Perhaps the most interesting interpretation of the grid is Jetty, with its shaky hand-held digital video projection of a metal grating submerged in rippling water. However I am not entirely certain that this adds much to the paintings. And because the paintings are dispersed through two gallery spaces, and the projection shares room with just two modest sized works, it seems a trifle distracting and even diluting in the overall exhibition context.

In a sense, these polychromatic spiderwebs and mazes represent a flâneur voyage around the painterly plain, wearing strata, trace and art-historical reference openly on their sleeves. The visual impact is at once bold and simultaneous in a visual equivocation of style, media and process. I can’t help thinking that Cracker represents a transitional phase in Parkes’ career. I doubt we will be seeing baggy paintings again for a while.

Images in descending sequence are Tanker, Mozer, Doozer, Jiggle Grid, Blob Grid.

Thursday, April 22, 2010

Kate Brettkelly-Chalmers tells us about the last show at Newcall

Richard Bryant
9 - 24 April 2010

An exhibition of paintings by Richard Bryant is the final show for Newcall Gallery, the Auckland artist-run-space located in Grafton’s Newcall Tower. After a short run of two years the gallery’s collective of artists is disbanding and moving onto other projects.

Although it is sad to see Newcall and its fantastically spacious gallery go, the temporary character of many of Auckland’s artist-run-spaces is not a necessarily a bad thing. Apart from the enduring presence of rm (the K’Rd incarnation of what was most recently called rm103), Newcall is very much part of a legacy of short-term galleries that emerge to meet the particular needs of new groups of artists. From Teststrip in K’ Rd/Vulcan Lane to Special in the Britomart precinct, longevity is not the focus of these collectives so much as providing a hub for a deft mixture of critical thought and collegiality. Just as Newcall’s cohort of artists is moving on, other groups will undoubtedly see the need to develop new exhibition prospects.

It is fitting that Newcall’s swan song exhibition is by Bryant, a founding member of fellow artist-initiative A Centre For Art (ACFA). Bryant’s show presents a highly considered collection of intriguing paintings and paper works. Small in scale with muted hues these works draw attention to the subtle nuances of painted surfaces. The artist takes an unassuming and restrained approach to the material pleasures of liquid brush marks, paper crinkles, fabric weaves and various inky washes. These are quietly compelling paintings that encourage time spent peering at the edge of a canvas or pondering simple material traces.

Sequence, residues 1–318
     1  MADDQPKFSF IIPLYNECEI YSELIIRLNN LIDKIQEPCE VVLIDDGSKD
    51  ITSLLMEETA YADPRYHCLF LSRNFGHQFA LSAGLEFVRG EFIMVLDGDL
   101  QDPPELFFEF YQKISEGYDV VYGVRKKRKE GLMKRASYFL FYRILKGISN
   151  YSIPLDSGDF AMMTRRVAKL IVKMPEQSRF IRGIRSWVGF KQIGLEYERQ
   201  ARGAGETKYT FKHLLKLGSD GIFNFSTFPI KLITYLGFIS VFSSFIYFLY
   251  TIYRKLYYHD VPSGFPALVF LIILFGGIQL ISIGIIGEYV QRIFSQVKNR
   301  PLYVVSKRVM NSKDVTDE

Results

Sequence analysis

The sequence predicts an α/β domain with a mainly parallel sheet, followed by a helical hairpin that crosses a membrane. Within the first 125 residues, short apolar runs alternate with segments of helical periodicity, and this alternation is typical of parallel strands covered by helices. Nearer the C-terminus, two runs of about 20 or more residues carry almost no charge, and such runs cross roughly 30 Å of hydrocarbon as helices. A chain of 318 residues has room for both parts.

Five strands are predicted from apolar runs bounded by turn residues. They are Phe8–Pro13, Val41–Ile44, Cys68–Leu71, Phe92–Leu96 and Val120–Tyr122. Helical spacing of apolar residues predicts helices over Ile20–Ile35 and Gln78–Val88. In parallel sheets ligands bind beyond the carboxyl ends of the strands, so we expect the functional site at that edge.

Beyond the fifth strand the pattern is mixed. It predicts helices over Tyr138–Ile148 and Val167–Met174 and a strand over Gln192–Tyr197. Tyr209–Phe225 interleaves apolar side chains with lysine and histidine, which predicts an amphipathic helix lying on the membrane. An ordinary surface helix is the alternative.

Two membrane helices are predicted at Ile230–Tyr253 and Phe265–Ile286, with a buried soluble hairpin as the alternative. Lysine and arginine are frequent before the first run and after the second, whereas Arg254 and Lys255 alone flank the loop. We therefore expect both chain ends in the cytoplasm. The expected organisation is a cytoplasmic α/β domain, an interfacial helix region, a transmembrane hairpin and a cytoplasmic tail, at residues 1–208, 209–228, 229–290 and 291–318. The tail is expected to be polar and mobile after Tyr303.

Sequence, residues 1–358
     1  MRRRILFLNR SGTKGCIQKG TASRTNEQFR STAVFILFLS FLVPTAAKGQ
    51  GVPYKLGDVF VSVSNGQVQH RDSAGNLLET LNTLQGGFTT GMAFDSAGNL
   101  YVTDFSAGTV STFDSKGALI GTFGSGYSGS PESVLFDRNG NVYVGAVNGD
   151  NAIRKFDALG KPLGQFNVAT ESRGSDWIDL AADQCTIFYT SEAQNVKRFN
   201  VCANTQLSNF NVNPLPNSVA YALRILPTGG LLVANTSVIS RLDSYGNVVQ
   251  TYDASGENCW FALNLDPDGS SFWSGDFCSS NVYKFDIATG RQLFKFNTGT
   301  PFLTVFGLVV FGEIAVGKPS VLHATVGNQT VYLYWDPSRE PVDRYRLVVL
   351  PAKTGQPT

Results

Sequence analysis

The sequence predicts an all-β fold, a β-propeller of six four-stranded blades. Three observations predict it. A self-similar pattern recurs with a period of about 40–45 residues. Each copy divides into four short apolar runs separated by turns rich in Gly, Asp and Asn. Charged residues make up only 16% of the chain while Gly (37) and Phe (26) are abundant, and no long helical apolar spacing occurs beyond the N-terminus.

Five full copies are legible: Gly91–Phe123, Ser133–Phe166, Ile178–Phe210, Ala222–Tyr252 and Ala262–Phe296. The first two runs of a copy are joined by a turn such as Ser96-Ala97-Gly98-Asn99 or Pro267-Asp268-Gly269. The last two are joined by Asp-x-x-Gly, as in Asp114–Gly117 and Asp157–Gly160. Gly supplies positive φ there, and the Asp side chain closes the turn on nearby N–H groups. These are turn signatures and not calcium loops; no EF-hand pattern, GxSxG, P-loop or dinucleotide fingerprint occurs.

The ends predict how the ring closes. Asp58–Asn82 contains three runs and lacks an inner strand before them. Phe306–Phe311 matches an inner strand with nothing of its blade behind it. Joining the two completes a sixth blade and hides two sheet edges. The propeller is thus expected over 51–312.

This understated cleverness is also extended to Bryant’s use of basic collaging techniques. He creates frames or margins within paintings by overlaying different rectangular surfaces. The artist’s exhibition invite offers a curious coupling of presumably found images: a painting of a surreal grandiose space is laid over a somewhat dubious massage instruction chart.

Lest we forget that they are paintings Bryant’s peripheral borders subtly refer to the medium’s more historically loaded concerns. Are we looking at an image within a frame or an image of a frame? The canvas surface of one painting is so thin that the ghostly form of its stretcher shows through the weave. Although Bryant’s works don’t overtly engage with the conceptual ins and outs of contemporary painting (as painters like Simon Ingram or Andrew Barber might) a whisper of a painting discourse is apparent.

What I find most interesting about Bryant’s works is the way they are hung. Although they offer an investigation of similar materials and surfaces these paintings carefully avoid being serialised. The artist does not simply present a series of experiments in painterly delights but a selection of distinctly individual works. Bryant hangs his paintings in careful groupings that refer much more to the visual language of installation than they do to painting traditions. He considers the space between individual works in the same way that an artist like Kate Newby might pay careful attention to the space between different sculptural forms.

In the collegial spirit of artist-run-spaces it seems appropriate to acknowledge the similar practices of other Newcall/ACFA members such as Patrick Lundberg, Anya Henis, Richard Frater or John Ward-Knox. These artists have an affinity for materials and engage with historically hefty formal concerns in fresh and interesting ways. Their artist-initiatives encourage a coalescence of ideas and critical thought alongside a kind of chummy art school camaraderie. These galleries are not only offering alternative exhibition opportunities to those of dealers or institutions, they are also offering an alternative ethos, a space of thought where artists might share and debate similar artistic concerns. It is an unabashedly earnest endeavour, but one that has fruitfully sustained these new art practices beyond their art school beginnings.